My pain has been used to show others hope. I am often left to wonder if that is the greatest healing we can hope for in this life; that God would redeem our pain through the healing of others.  We can waste time begging God for answers about the million piece jigsaw puzzle of life or we can put our broken pieces up against another person’s and help them make sense of their place in the picture.

 

How have others been a part of your healing? How have you entered into someone else’s pain to bring the healing balm of Christ?


Photo Credit: Fiona McAllister Photography via Compfight cc

6 Comments

  1. mary beth November 4, 2014

    Yes, I relate to this. I recently returned from the field and am recovering from depression. It would be easy to hide in shame and not tell people what’s really going on under the surface. But opening up about it has allowed my friends to share their experiences with depression. Other friends have told me, “After talking to you, I realized I need help.” I am grateful that God is healing my life and my heart, and using this time to help heal others too.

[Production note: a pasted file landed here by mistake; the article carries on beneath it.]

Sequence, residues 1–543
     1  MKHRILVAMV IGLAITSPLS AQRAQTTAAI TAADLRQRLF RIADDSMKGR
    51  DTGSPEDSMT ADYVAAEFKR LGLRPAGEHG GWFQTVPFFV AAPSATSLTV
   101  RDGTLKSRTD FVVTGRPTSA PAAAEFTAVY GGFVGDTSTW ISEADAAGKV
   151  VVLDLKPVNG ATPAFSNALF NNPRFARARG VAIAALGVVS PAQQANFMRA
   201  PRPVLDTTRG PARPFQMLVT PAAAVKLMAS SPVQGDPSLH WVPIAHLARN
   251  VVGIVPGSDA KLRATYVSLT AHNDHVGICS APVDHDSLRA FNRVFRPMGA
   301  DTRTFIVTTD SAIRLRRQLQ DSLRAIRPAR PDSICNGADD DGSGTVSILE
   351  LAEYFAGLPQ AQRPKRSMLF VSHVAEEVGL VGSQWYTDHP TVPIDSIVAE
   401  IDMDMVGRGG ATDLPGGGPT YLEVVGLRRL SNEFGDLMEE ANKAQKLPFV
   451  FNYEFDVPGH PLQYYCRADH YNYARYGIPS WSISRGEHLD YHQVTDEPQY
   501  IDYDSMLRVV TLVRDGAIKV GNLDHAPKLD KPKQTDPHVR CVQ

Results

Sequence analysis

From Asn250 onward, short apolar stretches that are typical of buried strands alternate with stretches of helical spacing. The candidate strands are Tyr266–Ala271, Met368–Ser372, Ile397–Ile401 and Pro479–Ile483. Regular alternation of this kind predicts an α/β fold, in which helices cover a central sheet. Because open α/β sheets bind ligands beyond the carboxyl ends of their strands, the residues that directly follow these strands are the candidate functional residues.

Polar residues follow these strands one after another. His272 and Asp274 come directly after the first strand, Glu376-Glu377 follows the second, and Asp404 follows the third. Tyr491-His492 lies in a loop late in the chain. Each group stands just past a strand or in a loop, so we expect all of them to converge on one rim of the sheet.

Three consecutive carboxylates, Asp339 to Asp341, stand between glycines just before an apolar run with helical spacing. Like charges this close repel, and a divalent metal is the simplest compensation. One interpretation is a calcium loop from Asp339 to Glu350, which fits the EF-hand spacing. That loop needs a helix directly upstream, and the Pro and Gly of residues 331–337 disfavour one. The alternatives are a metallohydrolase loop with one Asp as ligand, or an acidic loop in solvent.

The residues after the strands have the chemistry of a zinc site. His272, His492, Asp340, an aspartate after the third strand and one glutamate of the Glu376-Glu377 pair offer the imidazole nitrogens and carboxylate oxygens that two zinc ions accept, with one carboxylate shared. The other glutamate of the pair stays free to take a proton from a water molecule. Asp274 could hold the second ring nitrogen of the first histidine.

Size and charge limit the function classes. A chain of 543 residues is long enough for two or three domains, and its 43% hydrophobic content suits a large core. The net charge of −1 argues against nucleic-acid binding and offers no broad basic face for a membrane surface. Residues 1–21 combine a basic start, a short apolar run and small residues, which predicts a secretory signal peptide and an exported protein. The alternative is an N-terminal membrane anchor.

1. Amy Young November 6, 2014

      “Like!” (we need to get like buttons :))

    2. Elizabeth October 14, 2016

      Thank you for your writing. We recently left the field because I was very sick physically. Then, while I was recovering, the Lord made it clear that we cannot return yet because my husband’s emotional health is not strong like it should be. I ignored so many warning signs because I just wanted to return so quickly. My heart is grieving over this confusing season of wanting to be in two places at once…the field so we can do the ministry we love and finish what we started and home so my husband can get the emotional healing he needs. It has been an exhausting emotional battle trying to be strong for everyone. I know Jesus is all I need. I have no words left to pray just sadness and a gaping wound He needs to fill with Himself.